DRESDEN, Jan. 24, 2023 — Three environmental groups filed a federal civil lawsuit Tuesday against Greenidge Generation LLC, alleging that its discharges into Keuka Lake Outlet and Seneca Lake violate the federal Clean Water Act.
The suit seeks an injunction to halt the discharges as well as $64,618 per day in penalties from Sept. 30, the date the company’s state water discharge permit expired.
By state law, Greenidge has been allowed to continue operating under the expired permit because it has filed a renewal application deemed sufficient by the state Department of Environmental Conservation.
The lawsuit alleges that the renewal application was insufficient because it failed to include detailed information required by the Clean Water Act. Given the lack of a sufficient renewal application, the suit argues, the company has been illegally operating without a discharge permit.
Greenidge President Dale Irwin called the lawsuit frivolous. “They don’t file lawsuits, they issue press releases dressed up as lawsuits and simply waste the courts, and the taxpayers, time and money,” he said in an email.
Greenidge’s power plant in Dresden, which runs a Bitcoin mining operation, discharges pollutants into Seneca Lake, including magnesium, fluoride, arsenic, boron and barium. The plant also discharges tens of millions of gallons of coolant water daily into the Keuka Outlet at elevated temperatures. Artificially heated water is also considered a pollutant because it harms aquatic life.
The lawsuit was filed by Earthjustice, a public interest law group, on behalf of the Seneca Lake Guardian, Committee to Preserve the Finger Lakes and Sierra Club, groups with members who own property on Seneca Lake.
The lawsuit notes that any citizen may bring suit against anyone alleged to have violated federal effluent standards and regulations.
Greenidge has prevailed in several previous legal challenges to its operations brought by some of the same plaintiffs. Those cases were Article 78 proceedings in state court that challenged regulatory actions, and they named the DEC as co-defendant.
The suit filed today is the first filing federal court — in U.S. District Court for the Western District of New York — and it lists Greenidge as the sole defendant.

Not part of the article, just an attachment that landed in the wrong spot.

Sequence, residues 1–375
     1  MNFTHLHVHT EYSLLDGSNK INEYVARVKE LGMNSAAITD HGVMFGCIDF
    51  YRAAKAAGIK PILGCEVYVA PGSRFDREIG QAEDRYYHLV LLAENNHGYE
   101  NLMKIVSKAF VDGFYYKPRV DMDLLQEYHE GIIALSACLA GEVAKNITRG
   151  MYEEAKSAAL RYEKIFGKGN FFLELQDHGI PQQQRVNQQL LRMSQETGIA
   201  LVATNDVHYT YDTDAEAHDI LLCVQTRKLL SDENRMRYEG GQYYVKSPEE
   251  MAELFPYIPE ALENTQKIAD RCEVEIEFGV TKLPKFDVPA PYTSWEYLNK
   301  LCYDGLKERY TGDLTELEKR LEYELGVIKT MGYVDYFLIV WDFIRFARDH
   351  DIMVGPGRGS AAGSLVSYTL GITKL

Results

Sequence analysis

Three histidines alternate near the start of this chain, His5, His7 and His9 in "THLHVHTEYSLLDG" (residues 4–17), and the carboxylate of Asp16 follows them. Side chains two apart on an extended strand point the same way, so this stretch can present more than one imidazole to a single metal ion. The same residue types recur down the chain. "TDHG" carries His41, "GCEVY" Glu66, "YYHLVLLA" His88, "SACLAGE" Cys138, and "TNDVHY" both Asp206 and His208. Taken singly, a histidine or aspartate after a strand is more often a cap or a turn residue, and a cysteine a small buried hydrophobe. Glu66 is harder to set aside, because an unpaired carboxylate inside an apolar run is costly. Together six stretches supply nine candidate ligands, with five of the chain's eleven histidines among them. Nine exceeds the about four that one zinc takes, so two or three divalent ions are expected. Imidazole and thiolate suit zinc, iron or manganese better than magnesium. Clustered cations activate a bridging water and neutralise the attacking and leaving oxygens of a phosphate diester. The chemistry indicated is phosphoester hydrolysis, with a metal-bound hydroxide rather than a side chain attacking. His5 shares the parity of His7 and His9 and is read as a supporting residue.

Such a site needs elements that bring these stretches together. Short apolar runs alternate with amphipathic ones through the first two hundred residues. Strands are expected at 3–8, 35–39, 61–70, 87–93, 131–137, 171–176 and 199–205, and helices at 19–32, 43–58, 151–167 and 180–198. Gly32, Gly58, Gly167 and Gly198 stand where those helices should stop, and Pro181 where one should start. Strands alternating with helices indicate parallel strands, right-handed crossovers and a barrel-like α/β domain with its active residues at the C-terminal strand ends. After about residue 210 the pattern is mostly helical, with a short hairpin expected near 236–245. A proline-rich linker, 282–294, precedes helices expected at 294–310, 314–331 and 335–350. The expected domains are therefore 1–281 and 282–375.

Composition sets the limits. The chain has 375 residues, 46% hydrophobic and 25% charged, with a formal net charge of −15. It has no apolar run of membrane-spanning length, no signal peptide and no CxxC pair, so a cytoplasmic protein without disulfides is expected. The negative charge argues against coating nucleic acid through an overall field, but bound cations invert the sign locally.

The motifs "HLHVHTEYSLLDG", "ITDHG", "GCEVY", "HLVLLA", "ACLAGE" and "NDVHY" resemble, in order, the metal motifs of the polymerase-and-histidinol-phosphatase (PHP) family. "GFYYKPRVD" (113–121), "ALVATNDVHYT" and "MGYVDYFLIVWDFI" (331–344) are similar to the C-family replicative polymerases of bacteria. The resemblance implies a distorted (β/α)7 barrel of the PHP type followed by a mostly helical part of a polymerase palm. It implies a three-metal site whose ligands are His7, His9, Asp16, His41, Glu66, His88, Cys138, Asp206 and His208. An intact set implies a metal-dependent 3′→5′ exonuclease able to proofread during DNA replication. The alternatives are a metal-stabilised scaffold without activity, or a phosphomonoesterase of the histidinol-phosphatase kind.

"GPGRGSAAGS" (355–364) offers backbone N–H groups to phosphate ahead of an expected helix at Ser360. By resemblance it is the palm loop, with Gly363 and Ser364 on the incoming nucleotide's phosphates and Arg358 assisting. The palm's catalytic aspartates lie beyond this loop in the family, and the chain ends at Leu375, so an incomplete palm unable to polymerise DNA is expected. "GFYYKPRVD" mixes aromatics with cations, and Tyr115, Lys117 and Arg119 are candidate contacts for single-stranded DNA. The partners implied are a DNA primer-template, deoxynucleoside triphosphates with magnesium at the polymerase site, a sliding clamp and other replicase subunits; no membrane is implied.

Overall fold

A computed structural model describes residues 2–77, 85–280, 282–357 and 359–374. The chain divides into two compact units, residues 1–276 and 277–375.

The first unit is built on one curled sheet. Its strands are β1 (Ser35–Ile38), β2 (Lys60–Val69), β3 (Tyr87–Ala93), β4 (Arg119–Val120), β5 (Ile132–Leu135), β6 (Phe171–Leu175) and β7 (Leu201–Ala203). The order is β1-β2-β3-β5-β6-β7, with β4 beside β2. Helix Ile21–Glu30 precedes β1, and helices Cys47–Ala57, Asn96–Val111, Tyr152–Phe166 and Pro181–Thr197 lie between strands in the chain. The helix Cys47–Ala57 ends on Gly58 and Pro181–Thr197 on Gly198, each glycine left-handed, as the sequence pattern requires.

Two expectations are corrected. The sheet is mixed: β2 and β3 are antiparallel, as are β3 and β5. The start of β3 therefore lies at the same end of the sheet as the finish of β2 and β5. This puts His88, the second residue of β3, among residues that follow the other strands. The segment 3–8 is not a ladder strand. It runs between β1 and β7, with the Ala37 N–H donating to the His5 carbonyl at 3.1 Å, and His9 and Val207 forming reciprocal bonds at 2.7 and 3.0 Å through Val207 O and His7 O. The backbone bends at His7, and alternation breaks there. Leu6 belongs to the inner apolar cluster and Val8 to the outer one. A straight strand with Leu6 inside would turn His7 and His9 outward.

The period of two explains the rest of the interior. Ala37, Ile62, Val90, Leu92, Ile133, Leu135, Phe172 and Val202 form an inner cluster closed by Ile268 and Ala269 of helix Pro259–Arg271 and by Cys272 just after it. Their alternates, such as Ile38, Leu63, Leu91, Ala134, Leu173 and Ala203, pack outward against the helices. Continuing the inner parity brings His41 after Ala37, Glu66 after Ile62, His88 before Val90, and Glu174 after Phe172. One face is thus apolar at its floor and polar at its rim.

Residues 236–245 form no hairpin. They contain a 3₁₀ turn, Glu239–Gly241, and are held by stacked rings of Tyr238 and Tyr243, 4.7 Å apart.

On Nov. 17, Earthjustice had sent a letter declaring its intent to file suit within 60 days to Greenidge, the DEC and the federal Environmental Protection Agency.
Jill Witkowski Heaps, the plaintiff’s attorney, said Earthjustice did not receive a formal reply from any of them, although a response was not requested or necessarily expected.
Neither the EPA nor the DEC have commenced action to seek the remedies Earthjustice sought in its letter.
Heaps said Greenidge’s renewal application consisted of a cover page and three additional pages that lacked most of the detailed information federal rules require so that states have a factual basis to modify discharge permits, if necessary.
For example, federal rules call for the applicant to supply extensive details on “the biological community in the vicinity of the cooling water intake structure” and a fish “impingement technology optimization study.”
But the DEC has allowed Greenidge operate since 2017 without any impingement technology at all. The company failed to comply with a key requirement of its now-expired 2017 state discharge permit: the installation of wedge wire screens on its coolant water intake pipe to reduce fish impingement.
Greenidge said it finally finished installing the screens last week.
The DEC has also allowed Greenidge to operate under a waiver that overlooks violations of state regulations against artificially warming Seneca Lake.
In June, the DEC rejected Greenidge’s bid to renew its air emissions permit on the grounds that its operations fail to comply with requirements of the state’s 2019 climate law. The company is appealing that denial.
Greenidge continues to struggle financially. Its common shares (NASDAQ: ticker symbol GREE) closed at $0.87 today, down 11 percent. Most of the dip occurred after 3 p.m., within minutes of the announcement of the federal lawsuit.
In recent filings with the Securities and Exchange Commission, the company acknowledged that it has obtained waivers from its lenders that allow it to miss required loan repayment deadlines in December and January without triggering official default on the loans.